ANAHEIM, California – American Heart Association President John Warner was away from the AHA’s Scientific Sessions with his family Monday after having a minor heart attack during the organization’s flagship scientific conference.
Warner, a practicing cardiologist and the CEO of UT Southwestern University Hospitals in Dallas, had the episode Monday morning. He was taken to a local hospital, where doctors inserted a stent to open a clogged artery.
He was recovering and visiting with his wife, son and daughter, all of whom attended the Scientific Sessions meeting in part to see him deliver his Presidential Address on Sunday afternoon. In that speech, the 52-year-old Warner talked about the effects of heart disease on his family. He mentioned how both his father and his father’s father had heart bypass surgery in their 60s. He also lost his maternal grandfather and a great grandfather to heart disease.
He closed his speech with these lines:
“Earlier in my talk, I told you there were no old men in my family. I know this is also true in far too many other families, not just in the U.S., but around the world. I believe the people in this room have the power – and even the duty – to change that. Together, we can make sure old men and old women are regulars at family reunions. … In other words, I look forward to a future where people have the exact opposite experience of my family, that children grow up surrounded by so many healthy, beloved, elderly relatives that they couldn’t imagine life any other way.”
Warner, a longtime volunteer for the AHA, began his one-year term as the organization’s volunteer leader in July. Thus far, he’s represented the organization everywhere from the nation’s capital to Panama and Beijing. Scientific Sessions is usually among the highlights of a president’s tenure.
“John wanted to reinforce that this incident underscores the important message that he left us with in his presidential address yesterday – that much progress has been made, but much remains to be done. Cardiac events can still happen anytime and anywhere,” said Nancy Brown, chief executive officer of the AHA.
Warner spent the bulk of his medical career as an interventional cardiologist, often performing the procedure he underwent Monday morning.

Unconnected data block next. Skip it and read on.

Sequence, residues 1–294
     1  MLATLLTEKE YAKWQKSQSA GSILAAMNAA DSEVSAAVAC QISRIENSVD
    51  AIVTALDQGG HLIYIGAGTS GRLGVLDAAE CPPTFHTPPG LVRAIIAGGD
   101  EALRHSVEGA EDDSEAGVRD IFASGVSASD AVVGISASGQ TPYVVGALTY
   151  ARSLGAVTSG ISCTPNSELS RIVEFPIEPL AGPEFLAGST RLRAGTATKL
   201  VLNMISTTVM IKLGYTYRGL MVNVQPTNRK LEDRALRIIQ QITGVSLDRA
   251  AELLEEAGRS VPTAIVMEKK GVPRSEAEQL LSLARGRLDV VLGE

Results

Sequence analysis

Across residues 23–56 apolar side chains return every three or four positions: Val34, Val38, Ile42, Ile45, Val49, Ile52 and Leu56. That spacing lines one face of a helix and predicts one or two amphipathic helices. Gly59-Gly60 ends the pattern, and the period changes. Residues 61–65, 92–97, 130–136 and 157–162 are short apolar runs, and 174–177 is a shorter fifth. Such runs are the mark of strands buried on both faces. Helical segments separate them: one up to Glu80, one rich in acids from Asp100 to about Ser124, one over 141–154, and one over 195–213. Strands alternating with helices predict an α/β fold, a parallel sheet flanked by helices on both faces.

His extensive training in cardiac catheterization came at Duke. In 2003, he returned to UT Southwestern – where he’d done his residency after medical school – to lead the cath lab. He took on other leadership roles over the years, then began expanding his influence beyond his hospital system by working with the AHA.
Warner played a lead role in turning the nation’s ninth-largest city smoke-free and in setting up a chain of survival for people who suffer a particular type of heart attack in Dallas County.
“I began to see the health of my community in a different way,” he said in Sunday’s speech. “Being part of this effort helped me realize that the voices of doctors, nurses and healthcare leaders needed to be heard within the community. … I vowed to do more of this, to broaden my involvement in my community and to make a difference on a larger scale.”
A great opportunity came in 2010, when UT Southwestern decided to build an $800 million hospital. Warner became the physician lead on its design. His efforts were so lauded that he became CEO of the healthcare system in 2012, the same year the hospital opened.
The toughest part of making that move, he said in his speech, was ending his days as an interventional cardiologist.
“You don’t want a guy who wears a suit all day dropping by the cath lab to put in your stent,” he said, laughing.
Warner was born in Lubbock and raised in West Texas. His primary passions as a youth were science and sports, especially running.
He attended Abilene Christian on a track and cross-country scholarship and was part of several NCAA championship teams. During a specific race, he realized he’d be better off trying to become a doctor than trying to make the Olympics.
He went to medical school at Vanderbilt, initially thinking he’d go into sports medicine. Cardiology captivated him for a variety of reasons, including his family history.
“The first time I heard the phrase ‘heart attack’ was at age 6, when my great grandfather died suddenly,” he said in his speech. “Like many such victims, he had no known heart disease and his death came as a shock to our family. Later, during my residency, both of my grandfathers died of cardiovascular disease. … After my son was born and we were introducing him to his extended family, I realized something very disturbing: There were no old men on either side of my family. None. All the branches of our family tree cut short by cardiovascular disease.”
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